Attic window transoms with stained-glass insets, St. George, Staten Island
LATER TODAY, Thursday, January 24, 2008, the New York City Traffic Congestion Mitigation Commission will hold hearings in each of the 'outer' boroughs on five plans designed to reduce vehicular congestion in Manhattan's Central Business District while generating revenue for major mass transit improvements citywide.
I have submitted to the Commission written testimony about the plans, which appears later in this entry.
GO AHEAD, CALL ME A FLIP-FLOPPER
I know; I know.
First I supported Mayor Bloomberg's original Congestion Pricing plan and testified in favor of it at a hearing of the New York City Traffic Congestion Mitigation Commission (TCMC) late last fall.
But even as one of the plan's ardent supporters, I had to admit it sounded awfully complicated and seemed pretty expensive just to implement.
Then I thought I liked the sound of tolling the East River bridges--a simpler means of discouraging private car commuting into Manhattan's Central Business District. Not only was the bridge tolling plan projected to yield greater income than the mayor's plan; it was also projected to yield greater reductions in traffic congestion as well.
But like the original, this plan had some serious flaws.
The bridge-tolling plan charges for all trips into and out of Manhattan all the time. So it cannot distinguish between trips when traffic is light from trips that occur when congestion is heaviest. And it fails to charge for trips that start and end within Manhattan, where congestion is greatest. Further, how ever unintentionally, the bridge-tolling plan tends to penalize particular classes of drivers and particular locations, some of them small commercial vehicle operators and many of them low- and moderate-income motorists, disproportionately from Upper Manhattan and the Bronx.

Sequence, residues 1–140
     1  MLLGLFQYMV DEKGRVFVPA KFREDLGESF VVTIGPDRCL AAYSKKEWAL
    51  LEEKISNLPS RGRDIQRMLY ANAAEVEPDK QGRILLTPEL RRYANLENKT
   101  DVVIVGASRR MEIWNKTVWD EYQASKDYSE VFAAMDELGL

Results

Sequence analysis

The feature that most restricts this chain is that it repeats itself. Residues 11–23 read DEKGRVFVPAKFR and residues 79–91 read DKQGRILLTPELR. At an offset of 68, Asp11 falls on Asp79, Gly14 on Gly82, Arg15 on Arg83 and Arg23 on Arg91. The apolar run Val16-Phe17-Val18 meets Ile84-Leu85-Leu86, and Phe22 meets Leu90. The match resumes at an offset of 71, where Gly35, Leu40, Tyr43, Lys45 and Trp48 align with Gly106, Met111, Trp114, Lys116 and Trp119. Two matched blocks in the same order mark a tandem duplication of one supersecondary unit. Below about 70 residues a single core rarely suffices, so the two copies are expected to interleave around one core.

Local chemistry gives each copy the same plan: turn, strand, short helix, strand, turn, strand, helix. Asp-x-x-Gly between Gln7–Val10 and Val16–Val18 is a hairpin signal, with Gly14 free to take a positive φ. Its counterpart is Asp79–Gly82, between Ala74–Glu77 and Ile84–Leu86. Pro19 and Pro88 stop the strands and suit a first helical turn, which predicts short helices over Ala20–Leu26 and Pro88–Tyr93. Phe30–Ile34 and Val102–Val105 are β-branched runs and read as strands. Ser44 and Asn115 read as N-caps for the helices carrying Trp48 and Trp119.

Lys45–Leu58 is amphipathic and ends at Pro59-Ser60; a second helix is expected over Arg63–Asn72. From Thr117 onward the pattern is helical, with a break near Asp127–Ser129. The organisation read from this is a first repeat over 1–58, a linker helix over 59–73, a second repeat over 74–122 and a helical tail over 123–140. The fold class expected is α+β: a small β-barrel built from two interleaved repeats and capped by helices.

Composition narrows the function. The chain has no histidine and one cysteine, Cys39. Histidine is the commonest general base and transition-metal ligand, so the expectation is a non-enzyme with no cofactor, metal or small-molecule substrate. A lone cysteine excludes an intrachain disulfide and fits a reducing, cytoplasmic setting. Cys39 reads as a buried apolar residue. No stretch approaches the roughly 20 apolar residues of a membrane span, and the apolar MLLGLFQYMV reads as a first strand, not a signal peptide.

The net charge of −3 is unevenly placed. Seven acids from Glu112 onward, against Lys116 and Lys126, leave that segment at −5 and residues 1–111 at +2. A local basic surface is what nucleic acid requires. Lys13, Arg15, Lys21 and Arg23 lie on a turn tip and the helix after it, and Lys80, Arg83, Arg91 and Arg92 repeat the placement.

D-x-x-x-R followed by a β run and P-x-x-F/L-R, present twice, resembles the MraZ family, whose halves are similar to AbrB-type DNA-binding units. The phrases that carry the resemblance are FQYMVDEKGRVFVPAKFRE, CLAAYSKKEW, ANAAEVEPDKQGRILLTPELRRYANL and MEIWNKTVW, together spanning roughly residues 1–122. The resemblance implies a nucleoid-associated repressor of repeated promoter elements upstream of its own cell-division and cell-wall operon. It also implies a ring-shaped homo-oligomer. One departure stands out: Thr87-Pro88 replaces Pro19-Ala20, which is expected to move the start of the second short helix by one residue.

I SUPPORT THE ALTERNATIVE CONGESTION PRICING PLAN
Of the three remaining plans being considered by the Commission, one fails to reduce traffic congestion adequately; the other fails to generate income for mass transit improvements. So neither of these can be considered viable. The remaining proposal, called The Alternative Congestion Pricing Plan, is a streamlining of the mayor's original PlaNYC proposal with significantly lower capital and operating costs. It also satisfies the revenue and traffic reduction mandates upon which funding by the Federal Department of Transportation depends.
Here's a profile of the Alternative Congestion Pricing Plan, taken from an interim report of the TCMC:
"The alternative congestion pricing plan is a modified approach to congestion pricing that eliminates the intra-zonal charge [$4] . . . charges inbound trips only, and moves the northern boundary of the charging zone to 60th Street [NOTE: The original plan's northern boundary was 86th Street.] Cars would be charged an $8 fee to drive into the zone on weekdays between 6 a.m. and 6 p.m. Trucks would pay $21, except for low-emission trucks, which would pay $7. Under this fee-based plan, drivers would pay once upon entering the charging zone and would be able to make additional trips in and out of the zone at no additional cost. For E-Z Pass users, the value of all tolls paid on MTA or Port Authority bridges and tunnels would be deducted from the fee up to $8." [The alternative plan includes three additional measures affecting taxi/livery service vehicles, parking rates, and parking tax exemptions.]
MY WRITTEN TESTIMONY TO THE COMMISSION
Greetings to the Commissioners.
I appreciate the opportunity to share my views on this important topic. My name is Dan Icolari. I'm a 30-year resident of Staten Island; the founder of Walking is Transportation.com and a co-founder of the St. George Civic Association and the Preservation League of Staten Island. I've served on Community Board 1 and am a member of numerous Staten Island civic and cultural organizations.
As I did at an earlier hearing, I would like to declare support for the concept of congestion pricing as an approach with many benefits to offer residents of every New York City borough. Chief among these are (1)
Reduction of negative health and conduct-of-business impacts of traffic congestion; (2) Development of a new funding source for mass transit improvements; and (3) Positive impact on climate change--a global
problem with potentially life-threatening consequences for our city.
Of the several plans proposed by the New York City Traffic Congestion Mitigation Commission, I support The Alternative Congestion Pricing Plan. I base my support on the alternative plan's reduced complexity
lower cost and greater ease of implementation. I believe these attributes offset the alternative plan's various weaknesses, as enumerated by the Commissioners in their interim report.
Thank you for your consideration.